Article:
Posts tagged ‘london’

Thursday 7 July 2011: Ben Okri & Sarah Ladipo Manyika

July 7th, 2011

AFRICAN WRITERS’ EVENING (Talk Series) featuring Sarah Ladipo Manyika and Ben Okri
Thursday 7  July 2011, 7.20 pm (doors) 7.45 pm (start)
Level 5 Function Room, Royal Festival Hall, Southbank Centre, Belvedere Road, London SE1 8XX
8.00 / 4.00 (conc/limted) [ SOLD OUT ]

To celebrate the South Bank’s history as a brewery site, African Writers’ Evening explores the role of the bar as a key location in fiction. The evening features readings and conversation with Ben Okri, whose Madame Koto’s Bar plays a pivotal role in the Booker Prize-winning The Famished Road, and Sarah Ladipo Manyika, author of the novel In Dependence, in which bars in Oxford, Jos and San Francisco play a role. The readings and discussions will be moderated by writer and social commentator, Nii Ayikwei Parkes.


Ben Okri: Poet and novelist Ben Okri was born in Minna, northern Nigeria and grew up in London before returning to Nigeria with his family in 1968. Much of his early fiction explores the political violence that he witnessed at first hand during the civil war in Nigeria. A former poetry editor for West Africa magazine, he started writing in the 70s but came to prominence in 1991 when his third novel, The Famished Road, the first in a trilogy, won the Booker Prize for fiction. Ben has won several awards since then, including the Premio Palmi (Italy) and was named an OBE in 2001. His most recent book is A Time for New Dreams, a book of essays.


Sarah Ladipo Manyika: Raised in Nigeria, Sarah Ladipo Manyika has lived in Kenya, England and France. After undergraduate study in the Universities of Birmingham and Bordeaux, she completed her doctorate at the University of California at Berkeley and now lectures in English Literature at San Francisco State University. Sarah has published essays, academic papers, book reviews and short stories. Her novel, In Dependence, was published in 2008.

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Friday 25 March 2011: Nadifa Mohamed, Kayo Chingonyi

March 16th, 2011

AFRICAN WRITERS’ EVENING featuring Nadifa Mohamed; introducing Kayo Chingonyi and Luul Hussein
Friday 25 March 2011, 7.20 pm (doors) 7.45 pm (start)
Blue Room, Spirit Level, Royal Festival Hall, Southbank Centre, Belvedere Road, London SE1 8XX
8.00 / 4.00 (conc/limted) [ BOOK HERE ]

African Writers’ Evening starts the new year with new stars. Two years ago we featured Nadifa Mohamed as a rising star and she now has a Betty Trask Award to her name. We are proud to welcome her back alongside two fresh names we are sure you will be hearing great things from in the next five years: Kayo Chingonyi and Luul Hussein.


Nadifa Mohamed

Nadifa Mohamed: Born in Hargeisa, Somalia in 1981 as the country fell into dictatorship, Nadifa Mohamed moved to London with her family in 1986, just before the beginnings of civil war as Siad Barre lost his grip on power. Her début novel, Black Mamba Boy, based on the true story of her father’s life in 1930s, was published in 2009 and was longlisted for
the Orange Prize and shortlisted for The Guardian First Book Prize, The John Llewellyn Rhys Prize as well as the 2010 Dylan Thomas Prize. Nadifa attended Oxford where she studied History and Politics and lives in London.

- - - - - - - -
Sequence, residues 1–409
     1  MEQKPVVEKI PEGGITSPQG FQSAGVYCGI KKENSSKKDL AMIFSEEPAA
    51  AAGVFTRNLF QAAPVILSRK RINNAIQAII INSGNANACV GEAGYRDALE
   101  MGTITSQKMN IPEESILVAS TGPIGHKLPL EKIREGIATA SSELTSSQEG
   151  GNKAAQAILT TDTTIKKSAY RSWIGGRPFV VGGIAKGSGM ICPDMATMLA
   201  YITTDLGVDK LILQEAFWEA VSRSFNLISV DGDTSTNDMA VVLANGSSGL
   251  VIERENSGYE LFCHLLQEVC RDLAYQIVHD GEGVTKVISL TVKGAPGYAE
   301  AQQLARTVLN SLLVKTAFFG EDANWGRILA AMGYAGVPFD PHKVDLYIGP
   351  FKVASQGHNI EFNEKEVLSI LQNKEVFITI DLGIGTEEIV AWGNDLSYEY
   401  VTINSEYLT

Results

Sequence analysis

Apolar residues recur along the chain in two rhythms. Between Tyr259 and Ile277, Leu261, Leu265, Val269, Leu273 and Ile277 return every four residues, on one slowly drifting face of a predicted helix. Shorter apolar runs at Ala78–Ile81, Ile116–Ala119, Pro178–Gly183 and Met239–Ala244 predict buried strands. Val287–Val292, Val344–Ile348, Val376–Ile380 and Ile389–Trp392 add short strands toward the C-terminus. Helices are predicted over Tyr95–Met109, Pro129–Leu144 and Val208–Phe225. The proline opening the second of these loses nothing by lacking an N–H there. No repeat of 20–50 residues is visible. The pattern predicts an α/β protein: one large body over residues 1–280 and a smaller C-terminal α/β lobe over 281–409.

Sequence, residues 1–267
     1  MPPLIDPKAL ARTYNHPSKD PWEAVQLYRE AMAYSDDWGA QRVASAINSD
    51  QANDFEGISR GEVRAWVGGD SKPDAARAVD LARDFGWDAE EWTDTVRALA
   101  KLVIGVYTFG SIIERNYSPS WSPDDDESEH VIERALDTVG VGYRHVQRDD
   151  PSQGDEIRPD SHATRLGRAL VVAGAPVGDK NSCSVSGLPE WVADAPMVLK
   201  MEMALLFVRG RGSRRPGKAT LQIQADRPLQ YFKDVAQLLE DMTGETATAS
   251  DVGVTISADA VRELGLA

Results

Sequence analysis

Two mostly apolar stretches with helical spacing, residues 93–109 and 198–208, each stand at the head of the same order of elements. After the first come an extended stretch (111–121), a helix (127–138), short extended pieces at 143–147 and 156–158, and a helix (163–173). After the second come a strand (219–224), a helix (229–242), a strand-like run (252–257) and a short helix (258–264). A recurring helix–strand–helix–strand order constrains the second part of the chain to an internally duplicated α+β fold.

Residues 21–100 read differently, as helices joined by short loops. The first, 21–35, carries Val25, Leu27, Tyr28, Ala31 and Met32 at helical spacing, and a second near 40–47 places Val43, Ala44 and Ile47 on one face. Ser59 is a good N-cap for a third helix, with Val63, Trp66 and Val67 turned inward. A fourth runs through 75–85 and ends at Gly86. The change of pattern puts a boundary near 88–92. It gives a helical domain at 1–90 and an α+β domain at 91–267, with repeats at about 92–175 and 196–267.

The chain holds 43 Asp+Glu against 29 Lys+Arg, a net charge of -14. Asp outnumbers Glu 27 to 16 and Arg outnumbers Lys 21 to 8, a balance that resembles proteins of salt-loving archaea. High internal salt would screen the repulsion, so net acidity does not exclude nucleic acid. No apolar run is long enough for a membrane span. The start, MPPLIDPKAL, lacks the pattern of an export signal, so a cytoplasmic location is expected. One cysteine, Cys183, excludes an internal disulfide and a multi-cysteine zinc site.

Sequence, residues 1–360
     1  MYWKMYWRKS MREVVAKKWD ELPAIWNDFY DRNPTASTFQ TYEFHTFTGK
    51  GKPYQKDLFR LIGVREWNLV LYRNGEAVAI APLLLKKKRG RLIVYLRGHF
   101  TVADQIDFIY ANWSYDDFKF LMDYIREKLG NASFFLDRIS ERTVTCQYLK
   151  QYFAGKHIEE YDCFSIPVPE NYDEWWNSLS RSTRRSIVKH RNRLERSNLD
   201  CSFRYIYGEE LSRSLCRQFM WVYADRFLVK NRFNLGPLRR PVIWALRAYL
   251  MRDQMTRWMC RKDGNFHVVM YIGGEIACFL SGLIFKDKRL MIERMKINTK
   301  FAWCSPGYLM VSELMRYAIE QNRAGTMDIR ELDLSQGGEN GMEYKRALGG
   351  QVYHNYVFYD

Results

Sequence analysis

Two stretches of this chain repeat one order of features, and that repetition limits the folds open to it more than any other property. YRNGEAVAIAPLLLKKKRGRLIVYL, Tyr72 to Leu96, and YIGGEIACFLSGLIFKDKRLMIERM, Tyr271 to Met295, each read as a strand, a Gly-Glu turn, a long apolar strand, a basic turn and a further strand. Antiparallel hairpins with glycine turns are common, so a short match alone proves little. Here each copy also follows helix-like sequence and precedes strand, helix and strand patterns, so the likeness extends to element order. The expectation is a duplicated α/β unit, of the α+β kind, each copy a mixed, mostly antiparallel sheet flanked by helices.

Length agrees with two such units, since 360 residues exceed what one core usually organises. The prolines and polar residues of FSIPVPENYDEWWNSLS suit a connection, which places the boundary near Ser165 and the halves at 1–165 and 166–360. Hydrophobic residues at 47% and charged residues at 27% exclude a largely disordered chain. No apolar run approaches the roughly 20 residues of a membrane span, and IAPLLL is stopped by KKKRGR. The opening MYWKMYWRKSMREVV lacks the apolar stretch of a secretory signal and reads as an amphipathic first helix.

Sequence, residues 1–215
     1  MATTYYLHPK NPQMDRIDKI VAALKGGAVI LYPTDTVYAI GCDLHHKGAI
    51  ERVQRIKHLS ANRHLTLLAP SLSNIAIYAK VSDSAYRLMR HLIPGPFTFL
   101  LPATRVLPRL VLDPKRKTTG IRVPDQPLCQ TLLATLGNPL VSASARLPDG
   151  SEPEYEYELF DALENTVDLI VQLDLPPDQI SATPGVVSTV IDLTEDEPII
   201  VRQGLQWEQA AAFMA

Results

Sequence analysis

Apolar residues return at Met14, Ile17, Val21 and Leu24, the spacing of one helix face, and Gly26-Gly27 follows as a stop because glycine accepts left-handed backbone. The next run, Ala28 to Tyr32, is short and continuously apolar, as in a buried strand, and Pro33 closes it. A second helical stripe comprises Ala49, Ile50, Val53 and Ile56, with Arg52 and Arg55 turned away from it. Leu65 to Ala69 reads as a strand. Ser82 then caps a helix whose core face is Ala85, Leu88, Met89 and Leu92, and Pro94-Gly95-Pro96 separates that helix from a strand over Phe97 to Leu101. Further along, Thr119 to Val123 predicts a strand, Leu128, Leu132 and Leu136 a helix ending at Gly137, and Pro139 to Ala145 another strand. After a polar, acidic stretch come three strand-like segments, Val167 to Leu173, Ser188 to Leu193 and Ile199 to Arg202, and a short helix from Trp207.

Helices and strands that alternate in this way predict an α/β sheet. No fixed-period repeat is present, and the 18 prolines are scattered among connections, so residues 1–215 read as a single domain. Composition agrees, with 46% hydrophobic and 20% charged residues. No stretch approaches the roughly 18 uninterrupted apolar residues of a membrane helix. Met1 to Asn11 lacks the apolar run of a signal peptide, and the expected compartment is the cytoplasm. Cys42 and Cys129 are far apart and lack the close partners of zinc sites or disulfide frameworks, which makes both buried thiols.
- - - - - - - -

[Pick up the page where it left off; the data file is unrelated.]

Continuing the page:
Kayo Chingonyi

Kayo Chingonyi: A widely anthologised poet and  emerging writer-in-residence at Kingston University, Kayo Chingonyi has performed his work across the UK and internationally, with the British Council, at such venues and events as Tate Britain, London Literature Festival, The Big Chill, The RSC Swan Theatre, New Space Theatre (Cape Town) and Museum Africa (Johannesburg).


Luul Hussein is a student of Cranford Community College whose penchant for writing haunting short stories has been nurtured in secret and fine-tuned by the First Story initiative that runs in her school. This will be her first fully-public reading.

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AFRICAN BOOK MARKET – Friday July 16, 2010

July 14th, 2010

AFRICAN BOOK MARKET is a ground-breaking FREE event at the Poetry Cafe, London

For many years audiences of African Writers’ Evening have complained about how hard it is to locate books by African writers in mainstream bookshops. Even when they are in stock, they are rarely in a consistent section: sometimes in a special ‘Black’ section, sometimes with the ‘normal’ books. While a lot of this is changing African Writers’ Evening have organised this event to achieve two things –
1) make a sizeable array of books by African writers published in the UK available in one place at discounted prices
(some of the publishers involved are Random House/Vintage, Profile/Serpents Tail, flipped eye/mouthmark, little brown/Virago and Routledge/Wasafiri.)
2) bring the authors and some of the publishers into the marketplace so they can see that there are actual lovers of African writing out there, while providing a forum for possible dialogue and interaction.

The way the AFRICAN BOOK MARKET works is simple:

* It is on from 5-10pm on July 16 2010 at the Poetry Cafe, 22 Betterton Street, London WC2H 9BX.
* It is FREE
* You can STOP IN anytime 5pm and 10pm
* There will be books by African writers from major as well as smaller publishing houses AT DISCOUNT PRICES. Also available will be magazines that feature and review writing from Africa.
* Some members of staff from the publishing houses will be present.
* Authors, including many of our previous features such as Yaba Badoe will be dropping in at various times during the day to sign books and talk to readers. Follow us on twitter or facebook to be kept updated on the authors who are coming at very specific times: Twitter | Facebook

walk inbuy a bookenjoy!

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